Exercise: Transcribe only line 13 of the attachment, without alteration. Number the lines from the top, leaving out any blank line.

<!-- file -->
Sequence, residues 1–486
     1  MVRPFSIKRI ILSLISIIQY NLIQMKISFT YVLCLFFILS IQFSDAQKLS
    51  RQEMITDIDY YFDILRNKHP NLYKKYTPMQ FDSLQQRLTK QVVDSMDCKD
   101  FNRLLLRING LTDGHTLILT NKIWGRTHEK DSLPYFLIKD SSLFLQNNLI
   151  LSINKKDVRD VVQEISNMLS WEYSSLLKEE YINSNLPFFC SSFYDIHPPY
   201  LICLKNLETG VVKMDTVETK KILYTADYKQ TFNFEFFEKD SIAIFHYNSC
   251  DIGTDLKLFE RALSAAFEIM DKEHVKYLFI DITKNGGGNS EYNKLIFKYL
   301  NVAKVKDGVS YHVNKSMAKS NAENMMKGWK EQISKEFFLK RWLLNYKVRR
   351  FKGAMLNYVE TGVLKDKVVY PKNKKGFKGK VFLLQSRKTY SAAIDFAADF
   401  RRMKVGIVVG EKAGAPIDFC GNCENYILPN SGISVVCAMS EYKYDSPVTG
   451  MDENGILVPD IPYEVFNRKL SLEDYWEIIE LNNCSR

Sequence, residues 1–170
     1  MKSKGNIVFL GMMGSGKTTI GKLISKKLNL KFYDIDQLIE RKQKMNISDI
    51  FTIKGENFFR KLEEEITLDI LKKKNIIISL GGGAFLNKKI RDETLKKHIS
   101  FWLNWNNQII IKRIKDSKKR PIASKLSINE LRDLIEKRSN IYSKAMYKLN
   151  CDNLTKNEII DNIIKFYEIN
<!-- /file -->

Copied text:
     1  MKSKGNIVFL GMMGSGKTTI GKLISKKLNL KFYDIDQLIE RKQKMNISDI